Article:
Read more: Impressions of the Pixel Buds are pretty sparse right now, since the product isn't coming out for another several months yet — but you can get all the basic info in Google's official announcement and get a good overview of what they're like to try on in Android Central's hands-on report.

3. One of the best Pixel perks is being phased out

 The Short Version: From the get-go, Google's Pixel phones have included unlimited original-quality storage of videos and images in Google Photos. With the Pixel 4, that benefit is no more.


 Know more: Pixel 4 owners will still have unlimited "high-quality" photo and video backups, like everyone else, but that means the content will be compressed when it's uploaded instead of being stored in its original, full-resolution form. Now, realistically, that probably isn't that big of a deal for most people; the difference between full-res images and compressed images isn't especially noticeable in most scenarios. But still, there's something to be said for knowing you're hanging onto your media in its original (and the highest possible quality) version. So, yeah, this is definitely a bit of a bummer. The upgraded Photos storage was a nice perk of Pixel ownership and one that seemed like a natural fit for the whole "best of Google" concept the Pixel phone embodies. It's a shame to see it go.


 Read more: There's really not a heck of a lot more to say about the move, but this comparison of Photos' original and compressed formats is worth revisiting. If you want to voice your disappointment, meanwhile, stop by this petition.

 Tips o' the Week
Tap into YouTube's hidden powers

When I dig around for interesting ways to make the most out of apps, I tend to focus on productivity-oriented services — things like Gmail, Slack, and other such serious entities. This time, though, I thought it'd be fun to go in a different direction and dig around a little in YouTube.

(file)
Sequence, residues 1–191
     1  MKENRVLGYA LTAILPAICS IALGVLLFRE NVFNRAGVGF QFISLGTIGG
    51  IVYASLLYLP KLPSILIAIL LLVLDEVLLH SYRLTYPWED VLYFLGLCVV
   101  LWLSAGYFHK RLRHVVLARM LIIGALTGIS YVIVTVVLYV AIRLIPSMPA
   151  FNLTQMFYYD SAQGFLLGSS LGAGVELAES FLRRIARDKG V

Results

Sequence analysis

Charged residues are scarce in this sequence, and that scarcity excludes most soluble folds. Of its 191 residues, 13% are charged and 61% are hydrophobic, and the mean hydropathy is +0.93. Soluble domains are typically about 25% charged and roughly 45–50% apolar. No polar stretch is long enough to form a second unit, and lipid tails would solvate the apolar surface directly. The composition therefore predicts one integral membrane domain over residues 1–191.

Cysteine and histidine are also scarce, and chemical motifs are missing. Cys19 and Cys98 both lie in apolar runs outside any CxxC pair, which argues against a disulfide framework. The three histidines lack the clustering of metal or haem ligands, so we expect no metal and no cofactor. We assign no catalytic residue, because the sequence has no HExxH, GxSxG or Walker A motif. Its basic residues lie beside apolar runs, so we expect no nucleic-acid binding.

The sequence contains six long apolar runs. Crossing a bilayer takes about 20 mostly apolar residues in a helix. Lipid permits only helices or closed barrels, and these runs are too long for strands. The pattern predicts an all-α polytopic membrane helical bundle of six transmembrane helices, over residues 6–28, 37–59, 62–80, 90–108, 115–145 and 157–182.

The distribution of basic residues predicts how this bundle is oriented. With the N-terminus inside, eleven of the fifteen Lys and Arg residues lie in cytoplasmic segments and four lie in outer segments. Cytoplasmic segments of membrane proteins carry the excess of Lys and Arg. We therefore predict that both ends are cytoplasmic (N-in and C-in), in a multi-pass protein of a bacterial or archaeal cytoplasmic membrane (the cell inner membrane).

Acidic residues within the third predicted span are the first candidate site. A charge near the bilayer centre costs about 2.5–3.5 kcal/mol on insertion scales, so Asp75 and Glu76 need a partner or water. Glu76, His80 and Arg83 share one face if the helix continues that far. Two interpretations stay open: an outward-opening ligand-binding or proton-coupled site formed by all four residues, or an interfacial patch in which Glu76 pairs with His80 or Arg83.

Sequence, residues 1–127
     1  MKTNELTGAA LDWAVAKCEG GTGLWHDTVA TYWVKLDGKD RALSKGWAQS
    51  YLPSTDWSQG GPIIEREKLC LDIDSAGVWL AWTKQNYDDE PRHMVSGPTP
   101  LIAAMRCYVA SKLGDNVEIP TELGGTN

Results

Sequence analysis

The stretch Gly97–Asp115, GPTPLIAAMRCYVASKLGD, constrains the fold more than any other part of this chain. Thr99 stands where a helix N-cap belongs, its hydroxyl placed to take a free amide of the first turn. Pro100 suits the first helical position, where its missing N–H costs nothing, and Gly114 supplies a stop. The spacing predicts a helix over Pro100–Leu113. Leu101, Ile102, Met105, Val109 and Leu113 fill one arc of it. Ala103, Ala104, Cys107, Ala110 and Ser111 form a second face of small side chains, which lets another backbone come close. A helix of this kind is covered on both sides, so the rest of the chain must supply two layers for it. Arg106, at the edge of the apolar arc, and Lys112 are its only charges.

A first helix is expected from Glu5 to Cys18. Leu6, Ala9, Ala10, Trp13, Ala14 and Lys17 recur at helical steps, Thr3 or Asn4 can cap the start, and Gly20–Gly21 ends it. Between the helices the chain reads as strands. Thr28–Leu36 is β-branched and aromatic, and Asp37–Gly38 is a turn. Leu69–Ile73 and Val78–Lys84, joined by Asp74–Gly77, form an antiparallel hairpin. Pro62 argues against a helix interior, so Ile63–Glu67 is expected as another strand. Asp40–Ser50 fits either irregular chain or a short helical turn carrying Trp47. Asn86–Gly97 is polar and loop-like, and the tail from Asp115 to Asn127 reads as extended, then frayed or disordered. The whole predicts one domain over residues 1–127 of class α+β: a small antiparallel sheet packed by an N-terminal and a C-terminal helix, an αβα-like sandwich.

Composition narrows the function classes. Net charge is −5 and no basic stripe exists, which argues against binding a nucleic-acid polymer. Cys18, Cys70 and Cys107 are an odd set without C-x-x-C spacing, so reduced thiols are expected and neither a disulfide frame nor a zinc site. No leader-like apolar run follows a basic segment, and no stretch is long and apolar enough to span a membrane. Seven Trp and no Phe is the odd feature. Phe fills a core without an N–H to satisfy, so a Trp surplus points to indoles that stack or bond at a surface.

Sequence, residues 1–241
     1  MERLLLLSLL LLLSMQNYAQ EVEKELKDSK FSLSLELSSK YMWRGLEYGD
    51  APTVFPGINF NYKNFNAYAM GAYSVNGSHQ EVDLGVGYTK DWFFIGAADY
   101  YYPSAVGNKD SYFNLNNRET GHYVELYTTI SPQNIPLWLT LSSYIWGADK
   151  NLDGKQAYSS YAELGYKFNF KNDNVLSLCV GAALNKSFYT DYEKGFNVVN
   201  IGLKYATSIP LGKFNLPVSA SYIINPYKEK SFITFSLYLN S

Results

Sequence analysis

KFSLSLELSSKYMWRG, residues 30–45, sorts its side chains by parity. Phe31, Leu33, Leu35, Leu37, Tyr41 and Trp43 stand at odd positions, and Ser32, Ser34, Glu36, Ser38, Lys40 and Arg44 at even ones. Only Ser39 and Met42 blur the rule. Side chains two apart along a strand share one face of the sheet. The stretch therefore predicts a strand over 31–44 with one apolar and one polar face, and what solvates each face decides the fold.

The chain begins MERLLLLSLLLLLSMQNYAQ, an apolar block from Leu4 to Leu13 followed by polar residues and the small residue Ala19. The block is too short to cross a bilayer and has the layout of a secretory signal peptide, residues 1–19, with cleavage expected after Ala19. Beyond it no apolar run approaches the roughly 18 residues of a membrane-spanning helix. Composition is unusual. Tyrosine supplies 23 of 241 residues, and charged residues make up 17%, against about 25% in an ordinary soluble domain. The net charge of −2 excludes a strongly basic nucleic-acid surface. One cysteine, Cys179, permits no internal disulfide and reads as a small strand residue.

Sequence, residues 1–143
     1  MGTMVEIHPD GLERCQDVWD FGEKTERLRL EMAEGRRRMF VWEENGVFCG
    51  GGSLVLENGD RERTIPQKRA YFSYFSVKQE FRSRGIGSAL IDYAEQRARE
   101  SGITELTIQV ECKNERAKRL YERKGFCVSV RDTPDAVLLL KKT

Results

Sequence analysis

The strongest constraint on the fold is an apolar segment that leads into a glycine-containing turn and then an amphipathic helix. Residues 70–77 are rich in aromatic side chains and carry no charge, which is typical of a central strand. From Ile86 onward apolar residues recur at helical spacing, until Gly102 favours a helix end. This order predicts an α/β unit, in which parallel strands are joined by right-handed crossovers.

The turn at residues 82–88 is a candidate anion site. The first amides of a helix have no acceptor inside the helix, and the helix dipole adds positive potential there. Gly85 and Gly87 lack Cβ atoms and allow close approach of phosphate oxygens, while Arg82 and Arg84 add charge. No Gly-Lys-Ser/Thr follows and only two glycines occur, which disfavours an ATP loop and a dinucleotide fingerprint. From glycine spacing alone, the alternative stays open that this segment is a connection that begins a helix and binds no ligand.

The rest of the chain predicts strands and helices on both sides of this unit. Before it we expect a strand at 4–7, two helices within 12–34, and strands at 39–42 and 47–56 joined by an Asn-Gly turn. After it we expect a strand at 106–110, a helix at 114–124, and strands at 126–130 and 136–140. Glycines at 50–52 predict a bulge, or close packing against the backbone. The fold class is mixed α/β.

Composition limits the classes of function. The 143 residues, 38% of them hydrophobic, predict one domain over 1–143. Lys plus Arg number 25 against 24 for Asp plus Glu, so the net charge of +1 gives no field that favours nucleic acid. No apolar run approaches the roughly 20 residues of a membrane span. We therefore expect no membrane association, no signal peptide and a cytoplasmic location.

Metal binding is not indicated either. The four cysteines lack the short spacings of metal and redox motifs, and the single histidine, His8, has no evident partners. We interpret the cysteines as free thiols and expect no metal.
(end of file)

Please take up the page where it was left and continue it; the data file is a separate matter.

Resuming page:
Hey, we all use it. And just because a site is meant for procrastination doesn't mean you have to waste your time while moving throughout it.


Check out my latest Fast Company feature, "16 Incredibly Useful Things You Didn't Know YouTube Could Do," and get ready to see your favorite video service in a whole new way.

Start a new note in no time

You know about Google's handy shortcuts for starting new documents, spreadsheets, and presentations — right? (Just in case you don't, they're,, and Type any of those into your browser's address bar, say "abracadabra" for good measure, if you want, and then hit enter. Handy, no?)


Well, as of this week, Google's got another noteworthy way to jump directly into a draft — and this one's all about notes.


If you use Google Keep, take note: You can now type into your address bar to be beamed right into the Keep note editor. You can also use or, if you'd rather.


Ahh...that's just the type of time-saving tweak that sets my heart a-titter.

Make Assistant more finger-friendly and enhance your Android privacy options

I love finding crafty ways to make our technology work better, and this week, I've got some good'uns — including an awesome little tweak that makes it infinitely easier to interact with Assistant by typing (and with totally silent, on-screen-only answers in return!) and an invaluable addition to Android that lets you upgrade your privacy options and claim more control over how apps are able to access your info.